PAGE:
resin and nano-particles, and improved the formation of The strain ratio is the most affected property of the com-
the matrix–nano-particle interface. Furthermore, the fact posite as a result of SiO2 reinforcement. As can be seen in
that the selected nano-SiO2 has a specific surface area as Fig. 9, when compared with the non-reinforced composite
high as 440 m2 g–1 is considered to contribute to the forma- the increased ratio of the strain for the warp and weft direc-
tion of this robust interface. tion are 14 % and 7 % respectively. The highest strain val-
Figure 7 shows the stress–strain curves of the nano-SiO2 ues were obtained at 1 % SiO2 for the warp and weft direc-
reinforced and non-reinforced 3D woven glass fiber com- tions. The strain was measured as 2.4 % and 2.24 % on the
International Journal of Materials Research downloaded from www.hanser-elibrary.com by Chalmers University of Technology on January 7, 2018

posites. According to the graph, typical fiber reinforced warp and weft directions respectively.
polymer composite curves were obtained. Compared with It was thought that the improvements detected in tensile
the non-reinforced samples different degrees of improve- strength – just as those in bending properties – were asso-
ment on the tensile properties can be observed in the 3D ciated with the formation of an effective interface between
composites depending on the amount of nano-SiO2. It is the nano-particles and the epoxy resin. Due to the good wet-
clearly seen the nano-particles increase the tensile proper- ting obtained by nano-particles with the epoxy and the me-
ties. While the non-reinforced 3D glass fiber composite chanical locking, growth of nano-pores and propagation of
has a tensile strength of 55.2 MPa in the warp and cracks were limited and strength properties were improved
51.6 MPa in the weft directions, these values increased with [25, 30 – 33]. According to the tensile stress results in the
the nano-SiO2 reinforcement. The highest increases were weft direction, 2 % ratio value for the reinforcement materi-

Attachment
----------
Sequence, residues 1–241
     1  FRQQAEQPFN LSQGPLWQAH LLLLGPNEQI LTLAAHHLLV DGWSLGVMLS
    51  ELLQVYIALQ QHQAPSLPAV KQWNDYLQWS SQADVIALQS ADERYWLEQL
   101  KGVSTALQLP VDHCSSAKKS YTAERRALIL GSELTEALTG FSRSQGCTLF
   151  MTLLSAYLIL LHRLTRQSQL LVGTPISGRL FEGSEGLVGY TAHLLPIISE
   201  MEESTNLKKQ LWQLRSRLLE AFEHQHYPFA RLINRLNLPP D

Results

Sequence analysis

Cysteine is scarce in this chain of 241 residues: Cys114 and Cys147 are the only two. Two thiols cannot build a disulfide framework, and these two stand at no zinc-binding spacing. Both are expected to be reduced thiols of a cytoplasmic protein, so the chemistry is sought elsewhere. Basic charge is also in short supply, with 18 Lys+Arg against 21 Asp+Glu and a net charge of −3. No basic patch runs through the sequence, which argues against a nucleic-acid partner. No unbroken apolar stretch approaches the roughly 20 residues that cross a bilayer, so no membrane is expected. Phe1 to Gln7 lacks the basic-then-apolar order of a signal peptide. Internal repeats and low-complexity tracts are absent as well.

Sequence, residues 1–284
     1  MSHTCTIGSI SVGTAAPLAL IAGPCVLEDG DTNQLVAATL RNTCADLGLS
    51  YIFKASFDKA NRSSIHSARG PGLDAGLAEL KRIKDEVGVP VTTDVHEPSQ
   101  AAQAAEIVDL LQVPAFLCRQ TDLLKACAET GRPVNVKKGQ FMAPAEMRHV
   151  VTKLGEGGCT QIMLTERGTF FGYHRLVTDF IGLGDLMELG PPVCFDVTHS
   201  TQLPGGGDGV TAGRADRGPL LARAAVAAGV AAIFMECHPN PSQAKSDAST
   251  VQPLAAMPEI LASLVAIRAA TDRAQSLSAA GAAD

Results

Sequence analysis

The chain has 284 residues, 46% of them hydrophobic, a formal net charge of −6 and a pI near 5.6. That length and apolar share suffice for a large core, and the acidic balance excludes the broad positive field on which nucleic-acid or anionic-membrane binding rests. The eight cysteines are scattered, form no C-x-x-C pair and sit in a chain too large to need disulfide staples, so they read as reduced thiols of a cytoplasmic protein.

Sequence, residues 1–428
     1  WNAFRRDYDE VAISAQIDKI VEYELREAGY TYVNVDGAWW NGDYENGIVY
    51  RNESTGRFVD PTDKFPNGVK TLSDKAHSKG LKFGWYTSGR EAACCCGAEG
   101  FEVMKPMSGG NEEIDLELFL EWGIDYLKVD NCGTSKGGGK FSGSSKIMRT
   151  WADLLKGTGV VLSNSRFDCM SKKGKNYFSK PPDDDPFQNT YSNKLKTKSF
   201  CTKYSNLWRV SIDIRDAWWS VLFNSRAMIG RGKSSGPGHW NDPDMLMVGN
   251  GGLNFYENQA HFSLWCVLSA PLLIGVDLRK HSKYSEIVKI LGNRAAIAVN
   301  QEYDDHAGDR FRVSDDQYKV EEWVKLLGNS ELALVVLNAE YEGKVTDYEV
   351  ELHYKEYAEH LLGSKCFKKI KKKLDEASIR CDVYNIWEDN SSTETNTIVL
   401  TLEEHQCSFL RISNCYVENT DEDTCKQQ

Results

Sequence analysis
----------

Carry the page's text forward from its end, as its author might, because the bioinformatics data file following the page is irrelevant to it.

determined for 1 % SiO2 with 58 MPa in the warp direction, al may increase the reinforcement material/resin ratio in
and for 2 % SiO2 with 57.2 MPa in the weft direction. The this direction.
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Fig. 7. Tensile curves of composites with dif-

ferent SiO2 ratios: (a) warp direction, (b) weft

Int. J. Mater. Res. (formerly Z. Metallkd.) 108 (2017) 4 313

F. Yildirim et al.: Mechanical properties of nano-SiO2 reinforced 3D glass fiber/epoxy composites

Optical microstructural analysis was performed on the it can be seen that the fibers that break due to the load were
damaged regions of the specimens following the tensile scraped off the epoxy matrix. It was observed that surface
tests. Figure 10 shows the woven glass fibers deformed by cracks developed in the matrix structure outside the fracture
the tensile load. At higher magnification (inset of Fig. 10), zone.
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Fig. 8. Tensile properties of composites with

different SiO2 ratios: (a) tensile force, (b) ten-
sile strength.
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Fig. 9. Strain values of composite with dif-

ferent SiO2 ratios.

314 Int. J. Mater. Res. (formerly Z. Metallkd.) 108 (2017) 4

F. Yildirim et al.: Mechanical properties of nano-SiO2 reinforced 3D glass fiber/epoxy composites

3.4. Fiber volume fraction burn-out, it would stay with the glass fiber. Because the
TGA process gives the main mass loss of the composite
The volume fraction of fiber relative to the total volume of by burning the resin, vf was measured experimentally on
the composite is an important parameter in composite ma- TGA and theoretically calculated by using the following
terials and is called fiber volume fraction (vf), a number Eq. (1) [38]. Fiber volume fraction studies were carried
between 0 and 1 [34]. vf can be determined experimentally out on the non-reinforced 3D composites and 1 % of
by weighing the composite before and after the test when nano-SiO2-reinforced 3D composites which gives the
the resin is removed by ignition loss according to the highest mechanical strength.